Early island corncrake creates hope

Conservationists believe that the species may have bred on Rathlin Island for the first time in 18 years.

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A corncrake in the Hebrides

A corncrake in the Hebrides © MyLoupe / UIG / Getty

 

RSPB staff and volunteers heard the unmistakeable call of the corncrake on Rathlin Island in Northern Ireland during the last weekend of April.

Although this species has been heard on the island before, the timing is much earlier than usual and has prompted hopes that this is the offspring of previously heard birds.

“There’s a chance that this could be the offspring of the male that we’ve heard calling over the last couple of years,” says Liam McFaul, RSPB NI Rathlin Island warden. “And because it’s so early in the season, its call could attract more corncrakes to Rathlin.”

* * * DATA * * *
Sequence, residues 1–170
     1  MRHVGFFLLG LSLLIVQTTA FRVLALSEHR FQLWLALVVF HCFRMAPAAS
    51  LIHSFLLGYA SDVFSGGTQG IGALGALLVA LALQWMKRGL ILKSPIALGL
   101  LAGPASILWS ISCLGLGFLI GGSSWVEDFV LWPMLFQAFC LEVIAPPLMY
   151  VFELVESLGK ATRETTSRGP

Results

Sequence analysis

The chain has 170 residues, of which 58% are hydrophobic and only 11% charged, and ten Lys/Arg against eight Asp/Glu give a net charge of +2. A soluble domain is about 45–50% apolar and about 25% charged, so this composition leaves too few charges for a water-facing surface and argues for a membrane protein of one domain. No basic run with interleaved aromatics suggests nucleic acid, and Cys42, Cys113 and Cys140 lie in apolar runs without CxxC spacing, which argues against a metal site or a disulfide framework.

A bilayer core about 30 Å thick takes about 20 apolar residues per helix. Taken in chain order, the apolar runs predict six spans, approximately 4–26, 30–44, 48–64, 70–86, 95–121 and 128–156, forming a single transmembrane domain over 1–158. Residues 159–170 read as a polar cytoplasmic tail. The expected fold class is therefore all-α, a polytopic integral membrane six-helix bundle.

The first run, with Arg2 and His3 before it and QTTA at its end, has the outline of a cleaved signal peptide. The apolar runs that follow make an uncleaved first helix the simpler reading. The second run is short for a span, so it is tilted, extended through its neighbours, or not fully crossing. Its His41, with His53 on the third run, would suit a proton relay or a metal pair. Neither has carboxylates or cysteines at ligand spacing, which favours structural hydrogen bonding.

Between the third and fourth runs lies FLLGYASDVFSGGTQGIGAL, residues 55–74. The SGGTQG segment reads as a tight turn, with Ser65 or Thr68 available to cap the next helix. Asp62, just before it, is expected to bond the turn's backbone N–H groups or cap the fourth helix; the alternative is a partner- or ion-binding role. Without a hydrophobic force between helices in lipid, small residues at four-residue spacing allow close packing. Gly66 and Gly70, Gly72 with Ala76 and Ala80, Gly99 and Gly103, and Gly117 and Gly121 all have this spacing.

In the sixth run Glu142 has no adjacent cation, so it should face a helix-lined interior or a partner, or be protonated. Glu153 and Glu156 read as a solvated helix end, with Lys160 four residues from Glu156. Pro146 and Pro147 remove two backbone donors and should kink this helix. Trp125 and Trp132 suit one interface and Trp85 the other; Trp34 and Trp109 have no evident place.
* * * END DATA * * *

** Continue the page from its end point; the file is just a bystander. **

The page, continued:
The distinctive “crex-crex” call of the corncrake was heard in the same area on the western end of the island that a bird was heard in 2017.

Corncrakes are a red-listed species in the UK, which means they are of high conservation concern.

This elusive species, which usually hides in tall growing vegetation such as nettles, was once widespread across the UK but is now restricted to a few strongholds such as the west coast of Scotland.

They used to be common across Rathlin Island, but suffered a sharp decline in numbers since the 1980s. The last confirmed breeding corncrakes were recorded in 2000.

A calling bird was heard in 2014, and then in 2016 and 2017.

“Only the male corncrake calls, so hopefully this means he is home to roost,” continues McFaul.

“It’s very early in the season to have a bird come back, so this is really encouraging. Corncrakes are territorial so they always come back to the place where they were either breeding or where they hatched. We’d normally first hear the call in mid-to-late May.”

The RSPB is asking the public to not try and get close to the bird, especially as it on private land and it is important that the bird is not disturbed.

 

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